TALKING TEXTILES

Waxman Textile Prize – Winners #2016

 
 

I am My Mother’s Only One (2015) Julia Wright

Dorothy Waxman and Edelkoort Inc. are pleased to announce the winner of the 2016 Dorothy Waxman International Textile Design Prize: Rhode Island School of Design’s Julia Wright! Mohawk Group has generously supported this year’s prize of easy payday loans $5,000 which was awarded to Julia for the visual language she employs to make her textiles talk, from the sophisticated collage aesthetics of her jacquards to the creative use of bleach and dyes applied by hand.

The jury also decided to create a Jury Special Mention for the work of Christian Frank Müller, who studies at the Kunstuniversitat Linz and previews the making of patterns with a human intervention before machines weave the rest of the textile.

Both works will join the other finalists on display at WANTED DESIGN this May 7 – 17, 2016 in New York:

INDUSTRY CITY

Sunset Park, 274 36th Street, Brooklyn, NY 11232

 

www.wanteddesignnyc.com

 

Jury Members:

DOROTHY WAXMAN – President

ROYCE EPSTEIN – Director, Design Segment, Mohawk Group

ODILE HAINAUT – Founder, WantedDesign

PAUL MAKOVSKY – Editorial Director, Metropolis

MATILDA MCQUAID – Deputy Curatorial Director, Cooper Hewitt

HELEN OJI – Creative, Inspiration & Research Director, Eileen Fisher

 

Julia Wright (United States)

Rhode Island School of Design (RISD)

I am My Mother’s Only One, 2015

« I am my mother’s only child, only daughter, only friend. » The structure of Wright’s family has shifted significantly since her parent’s recent divorce, and as such, each member of what was a three-person unit has learned to live on their own. This piece was created through Wright’s reflection on childhood and her relationship with her mother, serving as a sort of necessary step for the designer to accept this new situation. Wright says her memory is driven by colour and shape, and through using the jacquard loom she was able to translate a personal photographic collage into a thick woven fabric, tangible and soft. Each cut square serves as a physical and material reminder of sweet childhood memories; the organization of which is unfixed and ever-changing. This work was created by collage and painting, and translated through Point Carre software to become woven pieces created on a Staubli jacquard loom. It is a 7-wefted weave, and has been cut apart and reconfigured. Many pieces were painted after weaving with bleach or dye.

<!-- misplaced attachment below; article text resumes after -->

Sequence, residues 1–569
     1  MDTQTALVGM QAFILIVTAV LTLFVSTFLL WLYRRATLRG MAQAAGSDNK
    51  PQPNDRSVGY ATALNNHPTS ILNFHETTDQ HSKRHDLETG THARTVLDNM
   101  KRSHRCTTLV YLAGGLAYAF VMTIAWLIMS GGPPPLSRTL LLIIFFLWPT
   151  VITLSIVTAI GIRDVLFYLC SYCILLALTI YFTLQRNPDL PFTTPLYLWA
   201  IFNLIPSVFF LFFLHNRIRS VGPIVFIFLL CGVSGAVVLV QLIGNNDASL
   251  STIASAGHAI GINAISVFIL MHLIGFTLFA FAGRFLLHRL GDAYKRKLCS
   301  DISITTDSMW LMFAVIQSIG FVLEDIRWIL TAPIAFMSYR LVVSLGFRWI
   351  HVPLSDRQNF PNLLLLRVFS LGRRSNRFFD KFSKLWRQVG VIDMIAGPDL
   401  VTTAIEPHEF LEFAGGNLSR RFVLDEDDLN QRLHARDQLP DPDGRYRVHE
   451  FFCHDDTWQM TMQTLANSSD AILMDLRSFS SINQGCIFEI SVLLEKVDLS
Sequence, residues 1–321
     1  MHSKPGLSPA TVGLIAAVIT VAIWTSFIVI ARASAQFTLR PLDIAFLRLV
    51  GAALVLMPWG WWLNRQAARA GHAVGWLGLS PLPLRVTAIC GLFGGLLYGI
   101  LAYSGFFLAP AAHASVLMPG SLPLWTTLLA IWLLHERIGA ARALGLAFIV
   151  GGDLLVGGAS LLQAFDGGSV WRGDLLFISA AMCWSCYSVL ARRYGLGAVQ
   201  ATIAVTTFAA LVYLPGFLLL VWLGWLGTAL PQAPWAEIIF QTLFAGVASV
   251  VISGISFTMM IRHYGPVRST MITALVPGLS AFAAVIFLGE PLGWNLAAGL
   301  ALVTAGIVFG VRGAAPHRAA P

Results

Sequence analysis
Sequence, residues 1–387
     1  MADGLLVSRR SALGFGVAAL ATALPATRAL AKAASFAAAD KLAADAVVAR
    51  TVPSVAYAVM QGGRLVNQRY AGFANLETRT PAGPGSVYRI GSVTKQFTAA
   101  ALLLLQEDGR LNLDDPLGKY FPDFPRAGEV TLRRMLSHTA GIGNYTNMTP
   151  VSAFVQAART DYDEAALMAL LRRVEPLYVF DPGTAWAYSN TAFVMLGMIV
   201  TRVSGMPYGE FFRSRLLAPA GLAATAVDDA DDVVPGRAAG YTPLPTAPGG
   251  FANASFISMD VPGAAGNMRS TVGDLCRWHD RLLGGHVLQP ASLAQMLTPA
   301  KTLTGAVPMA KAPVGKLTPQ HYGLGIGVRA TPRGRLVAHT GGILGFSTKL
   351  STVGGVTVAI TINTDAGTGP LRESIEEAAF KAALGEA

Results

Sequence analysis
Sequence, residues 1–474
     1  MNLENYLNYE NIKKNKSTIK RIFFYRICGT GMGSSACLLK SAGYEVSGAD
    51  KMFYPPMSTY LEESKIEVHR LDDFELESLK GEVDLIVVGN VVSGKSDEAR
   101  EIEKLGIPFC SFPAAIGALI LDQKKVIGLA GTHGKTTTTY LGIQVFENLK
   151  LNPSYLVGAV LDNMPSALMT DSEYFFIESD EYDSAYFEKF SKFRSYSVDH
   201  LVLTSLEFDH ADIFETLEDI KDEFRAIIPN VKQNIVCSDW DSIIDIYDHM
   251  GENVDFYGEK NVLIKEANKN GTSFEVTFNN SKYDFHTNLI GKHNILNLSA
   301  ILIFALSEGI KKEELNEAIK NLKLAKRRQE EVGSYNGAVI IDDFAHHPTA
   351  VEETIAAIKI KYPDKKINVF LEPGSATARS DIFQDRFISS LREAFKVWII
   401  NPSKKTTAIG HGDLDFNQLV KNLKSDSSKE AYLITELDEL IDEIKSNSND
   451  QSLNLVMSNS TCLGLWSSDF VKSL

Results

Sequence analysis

www.julia–wright.com


 

 

 

Christian Frank Müller (Germany)

Kunstuniversitat Linz, Austria

TexLab, 2015

As a multi skilled designer and PhD student with a specialisation in textile design, Müller realises a wide range of different projects along the themes of diversity, details and simplicity with a twist. He perceives that design has a crucial influence on our lives. Good design improves our everyday lives and should be sustainable in terms of long lasting, timelessness, the use of the right materials and flexibility in use. And of course it should look good in every situation. Design is not pure decoration, it is the right ingredients mixed together in order to create a new, unexpected experience.

Müller says of his work: « I like simple things. Some people would say boring, but boring is in my opinion not bad. It’s just the absence of excitement in a world that is full of exciting things and where every new object is just trying to raise the level of excitement.”

In this experimental collection, fabrics are made with different unconventional dyeing, weaving and knitting techniques. Injection dyeing is used on folded, woven fabrics before they unfold to reveal a placed pattern of bleeding spots. Dye is also injected into bobbins and knitting spools before moiré and marle fabrics are machine woven or knit.

 

www.diversityanddetails.com

 

 

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